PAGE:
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Ominous news from Pakistan

Very bad news from the tribal regions of Pakistan, as reported by Bill Roggio at The Long War Journal:


The Taliban in South Waziristan have overrun a fort manned by the Frontier Corps in the town of Sararogha. During a massed assault, the Taliban launched a coordinated attack on the military post manned by 42 paramilitary soldiers of the Frontier Corps. The military claimed seven soldiers and up to 50 Taliban were killed. Reports indicate 20 paramilitaries may have been captured by the Taliban.

The Pakistani military confirmed the assault.

* * * * *

The Taliban conducted a well-planned military operation. Reports indicate a force sized from 400 to 1,000 Taliban fighters, indicating a battalion- to brigade-sized assault force. Organizing such a large assault force for a night operation requires planning and training. The Taliban breached the wall of the Sararogha fort using explosives, then rushed through the breach to capture the fort.


Read the entire post at the above link. Roggio also supplies a map of the region in question.

Why is this such terrible news, given the fort attacked was a lightly manned garrison? For several reasons: first, most of the Pakistani government outposts in these remote tribal regions are manned with minimal forces. These are rough, sparsely-populated areas with little commerce and no amenities. So, who is assigned to them? If troops from the more civilized areas of the country are deployed, they quickly become demoralized from the isolation, and frequently desert their posts. If those with ties to the region are assigned, they often have tribal loyalties which compete with their national duties, and may defect or collaborate.

That the Taliban felt confident enough to take the fort is also disturbing. While they amassed an overwhelmingly superior force, they had to know such an action invites retribution from the central government - but they apparently do not fear that response. They are growing bold and confident. Musharraf's negotiated armistice with the radicals has enabled them to recruit and train significant forces undisturbed, and the results are only beginning to be seen.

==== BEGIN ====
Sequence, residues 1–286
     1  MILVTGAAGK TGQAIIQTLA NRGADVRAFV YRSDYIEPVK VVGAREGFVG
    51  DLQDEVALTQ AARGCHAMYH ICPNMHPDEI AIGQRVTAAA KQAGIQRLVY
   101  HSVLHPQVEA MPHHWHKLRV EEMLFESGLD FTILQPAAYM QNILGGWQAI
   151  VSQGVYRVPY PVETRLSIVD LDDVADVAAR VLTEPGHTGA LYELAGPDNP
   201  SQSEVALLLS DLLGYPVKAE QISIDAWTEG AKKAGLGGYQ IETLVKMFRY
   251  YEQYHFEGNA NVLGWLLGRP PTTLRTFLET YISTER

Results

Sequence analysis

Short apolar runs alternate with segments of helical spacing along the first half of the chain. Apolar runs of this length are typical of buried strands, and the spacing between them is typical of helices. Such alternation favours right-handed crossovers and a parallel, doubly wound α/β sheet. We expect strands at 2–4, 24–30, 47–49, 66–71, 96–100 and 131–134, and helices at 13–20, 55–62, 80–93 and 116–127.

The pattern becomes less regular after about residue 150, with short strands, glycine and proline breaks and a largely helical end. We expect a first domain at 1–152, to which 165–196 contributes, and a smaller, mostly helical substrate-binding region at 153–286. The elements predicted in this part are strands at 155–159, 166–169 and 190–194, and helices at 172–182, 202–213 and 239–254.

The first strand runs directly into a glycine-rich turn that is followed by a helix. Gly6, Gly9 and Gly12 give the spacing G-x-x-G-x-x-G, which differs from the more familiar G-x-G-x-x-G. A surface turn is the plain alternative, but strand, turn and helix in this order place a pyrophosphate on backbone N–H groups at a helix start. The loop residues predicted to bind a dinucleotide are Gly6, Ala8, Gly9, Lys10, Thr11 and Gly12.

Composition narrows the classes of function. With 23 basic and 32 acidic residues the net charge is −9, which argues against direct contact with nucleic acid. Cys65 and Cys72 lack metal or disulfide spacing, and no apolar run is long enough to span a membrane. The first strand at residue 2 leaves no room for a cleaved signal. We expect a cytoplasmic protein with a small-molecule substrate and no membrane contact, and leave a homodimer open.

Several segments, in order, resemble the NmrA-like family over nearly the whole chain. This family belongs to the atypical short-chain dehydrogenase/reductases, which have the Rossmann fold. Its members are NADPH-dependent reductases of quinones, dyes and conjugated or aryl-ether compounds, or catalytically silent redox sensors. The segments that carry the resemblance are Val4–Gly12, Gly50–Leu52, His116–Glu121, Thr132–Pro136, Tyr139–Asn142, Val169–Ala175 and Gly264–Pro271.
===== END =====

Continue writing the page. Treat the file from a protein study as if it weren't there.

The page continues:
Finally, in military campaigns, nothing breeds success like victory. This applies equally to conventional warfare and to rebel movements. If not immediately suppressed, the Taliban will add followers and sympathizers by winning the battle, and not just in the untamed tribal areas, but among the growing pockets of radicalism in the more populated provinces. Waziristan is the petrie dish for Islamic terrorism, awash in growth medium now.


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Comments (7)

Bhutto's assassination has ... (Below threshold)
jpm100:

Bhutto's assassination has destabilized Pakistan making a reprisal less likely as Musharraf focuses elsewhere. It has also made the people less sympathetic to the government and more sympathetic to the Taliban.

If Encouraging Bhutto to return was State Deptartment's/Condi's brainstorm nice work.

And why, after the Taliban ... (Below threshold)

And why, after the Taliban seized the fort, was the entire place not leveled by US airstrikes? Up to 1,000 Taliban fighters in one place and we didn't take the opportunity to wipe them out? That, and not the fort being taken, is the bad news, that we don't have our act together enough to be able to take advantage of the opportunities that present themselves.

Yes Steve, just like that f... (Below threshold)
914:

Yes Steve, just like that funeral setting where a bunch of the scoundrels were a clear target and were not eradicated.

would be a good time for a daisey cutter right over thr fort.

Actually, I think this migh... (Below threshold)
Not Tony:

Actually, I think this might be GREAT news.

This puts pressure on Musharraf to allow US troops a greater role in fighting the Taliban, including perhaps some day actual boots on the ground.

I'm not so sure about your ... (Below threshold)
Mikey NTH:

I'm not so sure about your analysis of the Taliban. They appear to have a history of showing confidence no matter how warranted that confidence actually is, and taking actions that are not logical from a western political and military point of view.

They may disregard any reaction from the Pakistan army as unimportant compared to the importance of taking the fight to the apostate lackey of the Great Satan. To understand their past actions and predict future ones, their way of thinking and prioritizing has to be used, not ours.

Whew, good thing we kept ou... (Below threshold)
Brian:

Whew, good thing we kept our eye on the ball and made sure we wiped out the Taliban and stabilized Afghanistan after 9/11. Imagine what kind of mess we'd be in if we lost focus and allowed them to rebuild and thrive.

Now if Pakistan was actuall... (Below threshold)
jpm100:

Now if Pakistan was actually another name for Afgahnistan, Brian would be right.




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